Electrification of a railroad generally involves costly changes to the signaling and communications facilities. Electrification provides significant benefits to the railroads and to the public. Power circuits will produce extraneous voltages and currents in communication circuits, caused by magnetic induction, electric induction, ground potential conduction, or accidental connection. Rails are grounded through ballast, and part of the return current flows through the ground. One means of reducing the induced voltages over long distances is the three-wire system using autotransformers and a negative feeder. Fault currents can cause high induced voltages and currents. Unless preventive steps are taken, hazards can exist for personnel and equipment. Electification will generally be applied to high density lines which already have extensive communications and signaling facilities. Installation will have to be accomplished under traffic without disruption of traffic. The challenge is to make the changes to signaling and communications add to the benefits rather than just to the costs. Several diagrams are included illustrating the induction effects.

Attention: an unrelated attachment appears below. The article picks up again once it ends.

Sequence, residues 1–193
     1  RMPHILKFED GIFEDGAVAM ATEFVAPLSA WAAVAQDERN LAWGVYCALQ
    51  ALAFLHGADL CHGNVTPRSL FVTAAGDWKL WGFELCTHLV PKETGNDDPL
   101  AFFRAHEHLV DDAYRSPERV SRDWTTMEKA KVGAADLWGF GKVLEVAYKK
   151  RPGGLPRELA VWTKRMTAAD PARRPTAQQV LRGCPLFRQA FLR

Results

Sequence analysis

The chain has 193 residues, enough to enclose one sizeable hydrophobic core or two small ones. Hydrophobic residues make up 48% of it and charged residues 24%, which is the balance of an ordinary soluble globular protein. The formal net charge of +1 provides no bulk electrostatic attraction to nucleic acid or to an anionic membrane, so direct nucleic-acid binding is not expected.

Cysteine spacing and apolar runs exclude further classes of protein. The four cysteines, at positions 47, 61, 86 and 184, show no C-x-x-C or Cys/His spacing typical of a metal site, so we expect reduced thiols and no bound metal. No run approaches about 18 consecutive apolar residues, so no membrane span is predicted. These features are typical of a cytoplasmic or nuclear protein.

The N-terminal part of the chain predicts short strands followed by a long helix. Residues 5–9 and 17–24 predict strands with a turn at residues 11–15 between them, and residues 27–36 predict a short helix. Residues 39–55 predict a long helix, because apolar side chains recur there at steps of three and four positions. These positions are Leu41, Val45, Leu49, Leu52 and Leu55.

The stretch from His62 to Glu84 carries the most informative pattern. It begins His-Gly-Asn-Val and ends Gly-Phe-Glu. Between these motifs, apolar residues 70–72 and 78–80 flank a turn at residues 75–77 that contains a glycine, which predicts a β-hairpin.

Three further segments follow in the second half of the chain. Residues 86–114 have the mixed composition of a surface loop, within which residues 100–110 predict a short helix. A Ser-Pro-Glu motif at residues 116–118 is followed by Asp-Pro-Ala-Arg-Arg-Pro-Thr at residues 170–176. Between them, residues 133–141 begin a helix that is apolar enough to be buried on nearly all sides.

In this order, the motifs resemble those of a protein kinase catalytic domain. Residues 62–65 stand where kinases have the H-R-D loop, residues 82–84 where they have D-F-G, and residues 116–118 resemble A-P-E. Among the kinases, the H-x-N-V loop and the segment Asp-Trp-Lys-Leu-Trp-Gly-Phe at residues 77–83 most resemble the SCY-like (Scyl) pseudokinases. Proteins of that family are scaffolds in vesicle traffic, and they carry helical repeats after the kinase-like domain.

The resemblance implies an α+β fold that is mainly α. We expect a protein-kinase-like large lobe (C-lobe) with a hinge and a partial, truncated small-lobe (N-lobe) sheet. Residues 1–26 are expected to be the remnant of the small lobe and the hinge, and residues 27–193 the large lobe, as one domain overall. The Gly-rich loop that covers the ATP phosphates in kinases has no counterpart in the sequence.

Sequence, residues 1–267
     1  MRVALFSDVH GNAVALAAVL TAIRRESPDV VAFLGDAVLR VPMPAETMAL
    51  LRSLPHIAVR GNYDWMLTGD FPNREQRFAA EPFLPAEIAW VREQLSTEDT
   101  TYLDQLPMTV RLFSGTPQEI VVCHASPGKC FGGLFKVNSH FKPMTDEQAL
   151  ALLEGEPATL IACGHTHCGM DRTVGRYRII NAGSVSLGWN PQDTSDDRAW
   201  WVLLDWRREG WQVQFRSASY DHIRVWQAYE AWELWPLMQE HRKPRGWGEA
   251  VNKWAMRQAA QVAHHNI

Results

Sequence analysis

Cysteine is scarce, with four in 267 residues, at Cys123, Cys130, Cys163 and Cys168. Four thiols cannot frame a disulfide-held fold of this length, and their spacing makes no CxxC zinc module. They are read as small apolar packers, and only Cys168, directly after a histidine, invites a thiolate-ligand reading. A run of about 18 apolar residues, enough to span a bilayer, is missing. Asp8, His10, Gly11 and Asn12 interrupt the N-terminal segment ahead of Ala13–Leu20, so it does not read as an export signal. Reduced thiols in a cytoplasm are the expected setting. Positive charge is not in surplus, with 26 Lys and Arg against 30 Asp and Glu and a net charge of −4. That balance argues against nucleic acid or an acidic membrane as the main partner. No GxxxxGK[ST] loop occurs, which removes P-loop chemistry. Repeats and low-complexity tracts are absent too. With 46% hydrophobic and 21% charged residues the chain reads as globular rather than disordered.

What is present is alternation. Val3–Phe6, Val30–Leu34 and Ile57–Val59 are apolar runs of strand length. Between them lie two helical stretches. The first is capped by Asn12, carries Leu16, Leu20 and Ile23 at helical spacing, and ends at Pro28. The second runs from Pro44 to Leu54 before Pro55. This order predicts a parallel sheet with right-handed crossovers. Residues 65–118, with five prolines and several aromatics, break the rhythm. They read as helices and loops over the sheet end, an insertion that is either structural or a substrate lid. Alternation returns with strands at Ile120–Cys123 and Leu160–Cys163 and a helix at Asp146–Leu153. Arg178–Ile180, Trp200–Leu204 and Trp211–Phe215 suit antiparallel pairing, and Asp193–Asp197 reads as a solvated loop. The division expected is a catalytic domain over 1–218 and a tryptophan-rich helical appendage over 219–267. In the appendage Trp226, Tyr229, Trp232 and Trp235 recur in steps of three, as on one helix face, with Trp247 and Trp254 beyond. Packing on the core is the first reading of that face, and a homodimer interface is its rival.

• Supplemental Notes:
    • This paper was presented at the Tenth Annual Meeting of the Communication and Signal Section of the Association of American Railroads, San Francisco, California, September 15-17, 1970.
  • Corporate Authors:

    Association of American Railroads Research Center

    3140 South Federal Street
    Chicago, IL  United States  60616
  • Authors:
    • Stinson, G E
  • Publication Date: 1970-9

Media Info

  • Pagination: p. 554-568

Subject/Index Terms

Filing Info

  • Accession Number: 00041610
  • Record Type: Publication
  • Source Agency: Association of American Railroads
  • Report/Paper Numbers: Proceeding
  • Files: TRIS
  • Created Date: Jun 15 1976 12:00AM